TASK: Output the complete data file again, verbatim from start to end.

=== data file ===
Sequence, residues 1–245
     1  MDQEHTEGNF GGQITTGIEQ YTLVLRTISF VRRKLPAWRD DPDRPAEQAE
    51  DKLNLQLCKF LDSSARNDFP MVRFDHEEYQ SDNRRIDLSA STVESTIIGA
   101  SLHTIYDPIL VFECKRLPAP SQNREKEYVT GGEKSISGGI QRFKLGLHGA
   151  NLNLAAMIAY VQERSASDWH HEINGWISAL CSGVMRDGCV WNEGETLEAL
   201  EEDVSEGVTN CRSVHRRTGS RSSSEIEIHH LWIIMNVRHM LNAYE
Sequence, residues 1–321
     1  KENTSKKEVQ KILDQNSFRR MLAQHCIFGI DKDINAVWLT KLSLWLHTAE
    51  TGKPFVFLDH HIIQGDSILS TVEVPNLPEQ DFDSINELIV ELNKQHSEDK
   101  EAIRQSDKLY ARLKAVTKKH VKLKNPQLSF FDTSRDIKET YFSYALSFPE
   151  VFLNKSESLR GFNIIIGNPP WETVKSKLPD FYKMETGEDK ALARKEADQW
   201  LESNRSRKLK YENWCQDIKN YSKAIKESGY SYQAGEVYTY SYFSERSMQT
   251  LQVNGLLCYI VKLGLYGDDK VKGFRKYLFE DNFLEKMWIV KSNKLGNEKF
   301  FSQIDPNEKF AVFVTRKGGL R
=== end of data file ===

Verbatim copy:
Sequence, residues 1–245
     1  MDQEHTEGNF GGQITTGIEQ YTLVLRTISF VRRKLPAWRD DPDRPAEQAE
    51  DKLNLQLCKF LDSSARNDFP MVRFDHEEYQ SDNRRIDLSA STVESTIIGA
   101  SLHTIYDPIL VFECKRLPAP SQNREKEYVT GGEKSISGGI QRFKLGLHGA
   151  NLNLAAMIAY VQERSASDWH HEINGWISAL CSGVMRDGCV WNEGETLEAL
   201  EEDVSEGVTN CRSVHRRTGS RSSSEIEIHH LWIIMNVRHM LNAYE
Sequence, residues 1–321
     1  KENTSKKEVQ KILDQNSFRR MLAQHCIFGI DKDINAVWLT KLSLWLHTAE
    51  TGKPFVFLDH HIIQGDSILS TVEVPNLPEQ DFDSINELIV ELNKQHSEDK
   101  EAIRQSDKLY ARLKAVTKKH VKLKNPQLSF FDTSRDIKET YFSYALSFPE
   151  VFLNKSESLR GFNIIIGNPP WETVKSKLPD FYKMETGEDK ALARKEADQW
   201  LESNRSRKLK YENWCQDIKN YSKAIKESGY SYQAGEVYTY SYFSERSMQT
   251  LQVNGLLCYI VKLGLYGDDK VKGFRKYLFE DNFLEKMWIV KSNKLGNEKF
   301  FSQIDPNEKF AVFVTRKGGL R